For Greg Austen, Care Net’s Director of Church Outreach and Engagement, fatherhood is a great calling and a sobering responsibility. Austen is the author of Irreplaceable: Recovering God’s Heart for Dads. The book is the culmination of a unique journey that includes seminary degrees, working for eleven years at the National Fatherhood Initiative, and being a parent of three children who are now adults.
“One of the greatest joys in my life was fathering my children,” said Austen (57). In his book, Austen combines a theological foundation with a rich social understanding of the issue of father absence, along with the challenges faced in contemporary culture, notably in chapters such as “James Bond and the Trinity,” “Irreplaceable Moms and Marriage,” and “Patriarchy, The Nuclear Family, and the LGBT Movement.” Whether writing on the topic of “Knowing God as Father,” or teaching readers to properly understand Malachi 4:6 (He will turn the hearts of fathers to their children…), Austen drills deep to the heart of the matter: fathers are simply vital and irreplaceable.
Overcoming Father Wounds
“Without question, the most important ‘pastor’ a child will ever have in their life is a parent,” he writes. “If you are a dad who loves God—you are the primary conduit for passing on His heart to your kids.”
In Irreplaceable, Austen writes candidly about the brokenness in the relationship with his dad in a section entitled “The Father Wound.” One of the foundational principles of the book is that “the painful parts of our story matter to God and can become windows of grace in our healing.”
“The father wound is a pervasive theme in many of our stories….Healing and personal growth are messy and not easily packaged. For example, we don’t miraculously heal from our wounds in chapter one of our stories and then move on to being a good dad in chapter two. As theologian and author Henri Nouwen observed, each of us—even at our best—are still ‘wounded healers.’”
Quoting a line from the band Switchfoot, the book offers readers hope that “the wound is where the light shines through.”
In his senior role at the National Fatherhood Initiative, Austen was the lead for a successful, multi-year project, Engaging Fathers for Successful Reentry, which was funded by the Department of Justice. In Irreplaceable, he unpacks some of the lessons learned there.
“I don’t think most of the Evangelical Church understands the issue of father absence,” he said. “When you look at the research (some of which is included in his book), you will see that fatherlessness is our most consequential and damaging social trend, linking to poverty, incarceration, school dropout rates, gun violence, substance abuse, etc.”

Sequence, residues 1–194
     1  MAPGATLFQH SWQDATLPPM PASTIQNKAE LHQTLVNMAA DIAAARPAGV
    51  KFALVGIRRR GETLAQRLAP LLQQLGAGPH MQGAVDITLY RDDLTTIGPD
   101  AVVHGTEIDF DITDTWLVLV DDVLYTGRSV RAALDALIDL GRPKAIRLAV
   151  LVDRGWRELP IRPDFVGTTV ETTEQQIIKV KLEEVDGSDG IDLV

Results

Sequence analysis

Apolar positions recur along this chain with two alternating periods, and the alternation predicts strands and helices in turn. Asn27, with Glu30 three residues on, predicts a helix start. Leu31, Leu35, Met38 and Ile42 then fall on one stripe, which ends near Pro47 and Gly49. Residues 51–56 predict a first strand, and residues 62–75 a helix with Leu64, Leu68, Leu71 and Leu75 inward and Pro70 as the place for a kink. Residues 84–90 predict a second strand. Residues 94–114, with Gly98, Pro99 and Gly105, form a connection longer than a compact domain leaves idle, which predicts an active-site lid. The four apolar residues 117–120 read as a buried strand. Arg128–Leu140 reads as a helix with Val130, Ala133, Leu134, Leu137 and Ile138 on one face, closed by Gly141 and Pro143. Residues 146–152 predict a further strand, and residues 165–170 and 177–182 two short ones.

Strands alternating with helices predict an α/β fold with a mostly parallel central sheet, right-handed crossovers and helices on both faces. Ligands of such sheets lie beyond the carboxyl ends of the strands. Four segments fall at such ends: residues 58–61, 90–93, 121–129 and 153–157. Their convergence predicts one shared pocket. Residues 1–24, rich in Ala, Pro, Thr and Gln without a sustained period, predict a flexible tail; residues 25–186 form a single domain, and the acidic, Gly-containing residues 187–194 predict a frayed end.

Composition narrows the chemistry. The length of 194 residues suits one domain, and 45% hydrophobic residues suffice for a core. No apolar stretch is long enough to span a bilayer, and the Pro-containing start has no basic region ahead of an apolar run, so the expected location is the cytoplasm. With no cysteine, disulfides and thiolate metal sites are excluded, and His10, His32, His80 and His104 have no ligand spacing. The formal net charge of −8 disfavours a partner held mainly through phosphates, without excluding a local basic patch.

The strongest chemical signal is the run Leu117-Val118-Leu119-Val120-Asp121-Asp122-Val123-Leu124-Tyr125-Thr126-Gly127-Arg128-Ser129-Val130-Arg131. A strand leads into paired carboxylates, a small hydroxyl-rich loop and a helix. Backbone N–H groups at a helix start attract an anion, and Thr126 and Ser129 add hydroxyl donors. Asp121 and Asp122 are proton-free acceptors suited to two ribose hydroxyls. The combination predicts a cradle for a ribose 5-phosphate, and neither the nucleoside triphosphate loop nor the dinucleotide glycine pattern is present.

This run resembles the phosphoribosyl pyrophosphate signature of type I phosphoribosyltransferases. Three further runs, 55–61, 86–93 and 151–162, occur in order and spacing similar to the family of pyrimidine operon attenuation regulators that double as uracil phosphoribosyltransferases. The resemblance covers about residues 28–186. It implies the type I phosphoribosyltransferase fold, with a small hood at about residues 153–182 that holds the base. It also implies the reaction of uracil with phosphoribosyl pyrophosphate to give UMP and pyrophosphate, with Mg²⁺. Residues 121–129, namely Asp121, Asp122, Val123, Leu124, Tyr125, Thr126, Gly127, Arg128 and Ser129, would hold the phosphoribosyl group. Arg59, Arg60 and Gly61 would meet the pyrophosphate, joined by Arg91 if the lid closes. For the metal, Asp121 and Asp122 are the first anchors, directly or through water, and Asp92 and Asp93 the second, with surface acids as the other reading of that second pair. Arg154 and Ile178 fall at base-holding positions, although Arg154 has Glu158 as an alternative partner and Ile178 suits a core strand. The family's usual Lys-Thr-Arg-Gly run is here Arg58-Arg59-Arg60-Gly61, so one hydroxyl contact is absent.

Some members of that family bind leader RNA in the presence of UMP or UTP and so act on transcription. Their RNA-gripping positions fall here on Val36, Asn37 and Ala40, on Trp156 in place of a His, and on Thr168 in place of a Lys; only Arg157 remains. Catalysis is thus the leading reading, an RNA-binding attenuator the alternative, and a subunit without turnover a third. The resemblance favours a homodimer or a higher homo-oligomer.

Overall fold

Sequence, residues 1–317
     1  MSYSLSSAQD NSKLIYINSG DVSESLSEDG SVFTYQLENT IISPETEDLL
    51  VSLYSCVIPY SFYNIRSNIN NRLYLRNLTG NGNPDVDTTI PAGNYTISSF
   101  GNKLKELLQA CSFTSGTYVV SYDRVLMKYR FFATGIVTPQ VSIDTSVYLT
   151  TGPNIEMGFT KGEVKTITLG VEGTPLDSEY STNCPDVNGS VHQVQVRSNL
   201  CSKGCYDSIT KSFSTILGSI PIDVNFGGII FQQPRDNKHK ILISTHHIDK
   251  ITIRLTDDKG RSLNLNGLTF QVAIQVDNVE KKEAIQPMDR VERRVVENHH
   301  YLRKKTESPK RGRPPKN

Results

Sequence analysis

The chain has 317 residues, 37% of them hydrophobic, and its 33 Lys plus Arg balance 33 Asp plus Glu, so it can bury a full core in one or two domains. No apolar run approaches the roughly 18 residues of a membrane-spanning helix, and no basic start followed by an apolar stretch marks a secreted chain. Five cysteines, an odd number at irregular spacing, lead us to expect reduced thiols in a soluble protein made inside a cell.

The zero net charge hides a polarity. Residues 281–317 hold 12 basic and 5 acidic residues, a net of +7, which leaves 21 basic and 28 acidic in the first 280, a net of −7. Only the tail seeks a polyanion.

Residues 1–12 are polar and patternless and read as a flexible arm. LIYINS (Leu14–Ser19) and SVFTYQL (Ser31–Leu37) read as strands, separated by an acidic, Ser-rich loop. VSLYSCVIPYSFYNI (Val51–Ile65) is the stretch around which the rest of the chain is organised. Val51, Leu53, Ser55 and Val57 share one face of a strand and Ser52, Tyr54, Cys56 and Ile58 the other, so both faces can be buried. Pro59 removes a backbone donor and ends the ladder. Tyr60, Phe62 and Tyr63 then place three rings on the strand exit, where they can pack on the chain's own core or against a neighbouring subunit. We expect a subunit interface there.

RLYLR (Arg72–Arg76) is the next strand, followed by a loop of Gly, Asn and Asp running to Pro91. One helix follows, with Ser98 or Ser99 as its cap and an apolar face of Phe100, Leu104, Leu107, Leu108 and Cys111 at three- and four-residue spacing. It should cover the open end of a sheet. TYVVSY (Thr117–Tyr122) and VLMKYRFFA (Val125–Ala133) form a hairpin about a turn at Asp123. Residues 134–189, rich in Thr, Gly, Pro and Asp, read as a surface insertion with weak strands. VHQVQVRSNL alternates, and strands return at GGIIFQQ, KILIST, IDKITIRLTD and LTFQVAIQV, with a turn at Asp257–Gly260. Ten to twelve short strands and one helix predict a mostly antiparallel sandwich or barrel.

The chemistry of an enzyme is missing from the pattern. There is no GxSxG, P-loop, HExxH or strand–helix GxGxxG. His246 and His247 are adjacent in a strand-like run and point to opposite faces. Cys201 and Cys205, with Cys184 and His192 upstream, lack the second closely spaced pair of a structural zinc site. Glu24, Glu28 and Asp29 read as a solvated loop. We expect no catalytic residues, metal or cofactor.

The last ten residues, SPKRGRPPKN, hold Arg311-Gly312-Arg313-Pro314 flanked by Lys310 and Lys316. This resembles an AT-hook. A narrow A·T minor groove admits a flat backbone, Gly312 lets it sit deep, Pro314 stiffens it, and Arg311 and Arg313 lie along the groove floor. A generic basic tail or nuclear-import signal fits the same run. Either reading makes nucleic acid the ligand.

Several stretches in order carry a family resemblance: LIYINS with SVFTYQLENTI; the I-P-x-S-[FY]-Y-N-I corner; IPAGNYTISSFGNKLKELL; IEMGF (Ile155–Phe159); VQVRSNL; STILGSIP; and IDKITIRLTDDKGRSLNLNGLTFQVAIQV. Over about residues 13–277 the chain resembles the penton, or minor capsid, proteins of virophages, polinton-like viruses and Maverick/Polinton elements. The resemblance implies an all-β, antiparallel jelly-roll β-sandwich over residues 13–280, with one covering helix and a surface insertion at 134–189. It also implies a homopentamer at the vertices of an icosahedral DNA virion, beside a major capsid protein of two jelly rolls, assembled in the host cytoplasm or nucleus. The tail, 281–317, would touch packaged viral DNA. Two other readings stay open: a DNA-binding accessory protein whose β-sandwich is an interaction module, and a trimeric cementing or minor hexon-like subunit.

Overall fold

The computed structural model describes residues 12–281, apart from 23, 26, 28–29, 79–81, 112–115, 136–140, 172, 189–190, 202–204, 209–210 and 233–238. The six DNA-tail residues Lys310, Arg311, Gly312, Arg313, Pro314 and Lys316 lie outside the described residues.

Understanding this data, Austen writes, will help the Church better comprehend the poignant words of the late anthropologist Margaret Meade: “The supreme test of any civilization is whether it can socialize men by teaching them to be fathers.”
This topic has been on Austen’s heart for many years. His (D.Min.) dissertation at Westminster Theological Seminary was entitled “Fathering Well: The Neglected Missional Priority of the Church.”
Fatherhood is also a focus for Austen and his work at Care Net. Over the years, he has been a strong advocate of the organization’s Pro Abundant Life mission, where the focus is not only saving babies, but making Christ-like disciples of mothers and fathers and helping families flourish. Father absence and fatherlessness are challenges on both sides of the abortion issue, where men are often left completely out of the conversation or take on a passive role. Austen is hopeful that his book will encourage greater discipleship and empowerment to help fathers engage spiritually with their families.
At Care Net’s Called and Missioned Pro-Life Men’s Summit at Oak Cliff Bible Fellowship in Dallas Texas on March 3-4, 2023, Austen will serve as one of the speakers. The conference, featuring keynote messages from Dr. Tony Evans and Care Net CEO and President Roland Warren, will inspire and equip men to turn their pro-life passion into Pro Abundant Life action in their communities.
Whether speaking at a conference or inspiring action through his new book about the irreplaceableness of fathers and the characteristics of “hero-dads,” Austen has good news for parents—they are not in this alone.
“Understanding our profound need for grace helps us come to terms with our deficiencies,” he writes. “What [children] need to succeed—must be supplied by God in a variety of ways—not just through us.”
Comprehending the mercy and love of the father and passing that fire to our children is a great privilege, Austen said: “Parents and especially fathers—more than any other people on the planet—are in a strategic position to introduce their children to the possibility of friendship with God!”